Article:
What can we do to Achieve
It’ll be some easy code to get data from an outside API, for which I’ll use a fun little project involving quotes from Ron Swanson. Then it’ll print a message after 2 seconds since getting the data. Subsequently another message will be printed defining that the previous one was displayed.
All of the opertaion will share two functions:
You’ll notice that they both have two types of interface: promises or callbacks to allow communication using those two constracting methods. It’s similar to how most study that switched to using promise-based access handle backwards unity for callbacks.
IN THE MEAN TIME: CO
co is a very bright and simple library that uses alternator functions to achieve a similar reaction as async functions that were specified before.
For those not familiar with generators there are some simple examples on MDN that should tell you most of what you need to know: Generator.
First, let’s look at some code:
co wraps a generator function and naturally performs two things:
- it executes next() until there’s something left to do in the generator function
- it waits on yield for the async objects to resolve
co has a concept of ‘yieldables’ which are async objects that can be used with
yield and for which it’ll wait before constant code execution. Those are (according to https://github.com/tj/co#yieldables):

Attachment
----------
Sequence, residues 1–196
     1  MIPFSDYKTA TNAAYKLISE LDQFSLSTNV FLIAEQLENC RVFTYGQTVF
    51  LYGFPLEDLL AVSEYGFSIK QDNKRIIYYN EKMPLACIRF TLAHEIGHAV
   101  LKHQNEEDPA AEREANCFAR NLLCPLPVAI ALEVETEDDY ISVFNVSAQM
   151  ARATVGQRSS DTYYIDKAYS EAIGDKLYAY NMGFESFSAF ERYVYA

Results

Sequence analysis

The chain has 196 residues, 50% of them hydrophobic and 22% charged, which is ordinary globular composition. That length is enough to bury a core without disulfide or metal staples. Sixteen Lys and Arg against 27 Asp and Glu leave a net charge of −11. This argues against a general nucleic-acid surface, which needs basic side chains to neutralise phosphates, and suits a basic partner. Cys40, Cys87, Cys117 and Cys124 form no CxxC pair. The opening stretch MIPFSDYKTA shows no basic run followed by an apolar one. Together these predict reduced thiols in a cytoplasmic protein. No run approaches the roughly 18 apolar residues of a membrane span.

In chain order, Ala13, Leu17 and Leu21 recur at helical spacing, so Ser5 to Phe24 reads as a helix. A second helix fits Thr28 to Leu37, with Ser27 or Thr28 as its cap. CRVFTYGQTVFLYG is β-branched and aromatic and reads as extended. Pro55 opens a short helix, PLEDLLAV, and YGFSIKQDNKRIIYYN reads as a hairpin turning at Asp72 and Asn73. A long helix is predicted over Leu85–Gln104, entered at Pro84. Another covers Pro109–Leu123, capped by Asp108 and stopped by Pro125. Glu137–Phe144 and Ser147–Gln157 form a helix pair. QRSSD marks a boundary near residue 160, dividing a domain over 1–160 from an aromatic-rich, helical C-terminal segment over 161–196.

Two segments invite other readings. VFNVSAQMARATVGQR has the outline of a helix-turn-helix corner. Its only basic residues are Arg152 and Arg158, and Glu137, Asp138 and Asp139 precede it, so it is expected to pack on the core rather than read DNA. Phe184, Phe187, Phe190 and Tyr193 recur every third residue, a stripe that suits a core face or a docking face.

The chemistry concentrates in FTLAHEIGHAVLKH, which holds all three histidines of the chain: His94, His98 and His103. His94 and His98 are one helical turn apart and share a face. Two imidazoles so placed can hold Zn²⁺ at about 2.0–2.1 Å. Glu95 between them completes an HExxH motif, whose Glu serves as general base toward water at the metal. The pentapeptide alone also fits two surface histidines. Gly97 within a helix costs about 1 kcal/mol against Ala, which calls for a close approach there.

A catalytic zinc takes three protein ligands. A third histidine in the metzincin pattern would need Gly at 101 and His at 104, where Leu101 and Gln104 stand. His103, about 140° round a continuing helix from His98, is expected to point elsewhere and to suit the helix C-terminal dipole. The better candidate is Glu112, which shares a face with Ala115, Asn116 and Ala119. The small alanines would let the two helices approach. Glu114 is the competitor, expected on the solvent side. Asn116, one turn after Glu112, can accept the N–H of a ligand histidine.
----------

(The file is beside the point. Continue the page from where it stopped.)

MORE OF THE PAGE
- thunks (functions)
- array (parallel execution)
- objects (parallel execution)
- generators (delegation)
- generator functions (delegation)
Two are mainly worth mentioning here:
arrays. They give an extremely easy way to attain the parallel execution of async code, similar to what Promise. All allows you to do. Let’s say we wish to get the quote and print the message as rapid as possible and we don’t care which arrive first:
The most troublesome part of using callbacks is the trust of descending into what is commonly called a ‘callback hell’. I’m sure most of you are beautiful familiar with the concept, but for those who aren’t just a easy example to illustrate:
In the last example you already initiated seeing callback nesting, and we notice what that leads to. So, to fix that we started using Promises. In most container they give you much cleaner code which is not only more informative but also a lot easier to read. The most useful thing is that they admit you to write your asynchronous code as ‘flat’ as possible, so you directly know what comes after each other, and in what array the code is being completed.
Right now most latest browsers (with the exception of IE and Opera Mini) and Node.js implement native assurance, and for those who don’t, you can still use one of many other implementations like Bluebird or Q.
But let’s get down to business, here’s the same example as before but using Promises:
TOMORROW: ASYNC FUNCTIONS
This way is based on a proposal that was originally submitted to be included in ES7 (2016). As you may know, ultimately only two features were accepted as a part of that discharg (exponential operator and
await are essentially two new keywords that own to write asynchronous code that looks like it’s synchronous. Let’s use an example:
If you selected to be on the bleeding edge of things, then you can use transpilers and already jump on the async/await train before native async functions are implemented. Be wary though, it’s still a stage 3 students, so it _may_ change. In any case, use what makes the most sense for you and your project, and consider the indication of using a particular solution. Next time I’ll try to write some more about the completion of all those solutions and how much overhead in your code you get from using them.